A read a tremendous article that deals with the challenges and solutions to teaching in a very large classroom. Given that the Pennsylvania Higher Education Foundation (a non-profit organization concentrating on increasing nurses and nurse educators) is currently pushing for more nursing educators, I found this very helpful for any potential nursing teachers.
The following article was written by VickyRN, a staff member of allnurses.com. The complete article can be found at:
There is a huge difference in teaching 30 students, as opposed to 140 students. Large classrooms can be noisy, crowded, and full of distractions. The students can be disrespectful and out of control, with pockets of students texting, carrying on private conversations, and coming and going at will. Sound familiar? Learning strategies that work well in small groups are often inappropriate for such large audiences. What strategies, then, can the nurse educator use to facilitate a positive learning environment in large classrooms?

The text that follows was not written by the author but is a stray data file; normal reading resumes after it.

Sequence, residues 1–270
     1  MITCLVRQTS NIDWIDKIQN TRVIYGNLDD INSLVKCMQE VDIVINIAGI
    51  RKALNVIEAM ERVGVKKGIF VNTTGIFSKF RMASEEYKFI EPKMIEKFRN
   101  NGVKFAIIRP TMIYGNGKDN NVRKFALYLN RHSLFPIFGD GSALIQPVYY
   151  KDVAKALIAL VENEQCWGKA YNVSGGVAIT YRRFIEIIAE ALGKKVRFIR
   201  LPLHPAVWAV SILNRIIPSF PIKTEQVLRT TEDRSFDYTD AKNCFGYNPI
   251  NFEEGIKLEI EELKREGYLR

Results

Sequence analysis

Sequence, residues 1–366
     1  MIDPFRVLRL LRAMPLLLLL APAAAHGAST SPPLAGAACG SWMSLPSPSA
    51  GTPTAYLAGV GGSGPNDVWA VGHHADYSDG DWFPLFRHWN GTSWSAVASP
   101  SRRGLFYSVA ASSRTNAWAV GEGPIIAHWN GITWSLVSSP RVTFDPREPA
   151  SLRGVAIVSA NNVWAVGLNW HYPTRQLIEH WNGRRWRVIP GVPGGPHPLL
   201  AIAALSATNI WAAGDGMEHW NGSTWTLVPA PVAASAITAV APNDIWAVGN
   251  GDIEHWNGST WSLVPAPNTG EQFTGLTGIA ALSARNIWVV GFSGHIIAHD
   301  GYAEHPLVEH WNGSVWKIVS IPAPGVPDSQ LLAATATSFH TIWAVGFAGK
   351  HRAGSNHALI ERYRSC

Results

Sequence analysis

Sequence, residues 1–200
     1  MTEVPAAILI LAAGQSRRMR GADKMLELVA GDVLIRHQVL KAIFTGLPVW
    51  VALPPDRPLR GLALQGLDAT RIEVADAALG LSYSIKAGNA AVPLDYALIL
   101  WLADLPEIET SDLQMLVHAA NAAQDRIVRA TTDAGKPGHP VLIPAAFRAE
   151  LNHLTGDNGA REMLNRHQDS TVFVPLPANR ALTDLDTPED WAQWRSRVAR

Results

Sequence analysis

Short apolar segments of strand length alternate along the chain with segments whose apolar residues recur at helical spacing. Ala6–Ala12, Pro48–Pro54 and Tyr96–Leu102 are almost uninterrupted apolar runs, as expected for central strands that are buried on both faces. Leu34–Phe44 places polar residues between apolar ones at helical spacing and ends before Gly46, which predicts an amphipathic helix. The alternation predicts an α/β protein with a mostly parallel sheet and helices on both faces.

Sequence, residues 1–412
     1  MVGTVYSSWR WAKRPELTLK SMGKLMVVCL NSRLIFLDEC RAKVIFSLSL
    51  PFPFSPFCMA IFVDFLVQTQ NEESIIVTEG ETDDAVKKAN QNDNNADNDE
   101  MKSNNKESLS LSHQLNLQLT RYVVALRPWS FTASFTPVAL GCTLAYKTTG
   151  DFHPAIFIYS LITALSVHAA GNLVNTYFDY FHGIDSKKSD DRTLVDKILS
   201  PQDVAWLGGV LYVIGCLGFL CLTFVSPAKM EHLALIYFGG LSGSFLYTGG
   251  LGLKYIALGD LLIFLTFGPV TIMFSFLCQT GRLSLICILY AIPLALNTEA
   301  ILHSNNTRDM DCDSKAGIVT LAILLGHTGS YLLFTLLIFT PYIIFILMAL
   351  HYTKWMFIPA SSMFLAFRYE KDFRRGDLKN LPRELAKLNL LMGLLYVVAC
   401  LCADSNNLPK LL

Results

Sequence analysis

First and foremost, the nurse educator must establish order in the classroom. This is critical, because without order, learning is hindered for all student participants, especially those who want to learn. The syllabus needs to include strict behavioral guidelines (“class etiquette rules”), as well as clearly defined consequences for not adhering to the behavioral guidelines. My university has just enacted the “Disruptive Student Policy,” which backs up consequential wording in the syllabus and allows educators to excuse disruptive students from the classroom. If the student persists in disruptive behavior, then the student may be expelled from the course entirely.
Patient Modesty: Volume 89
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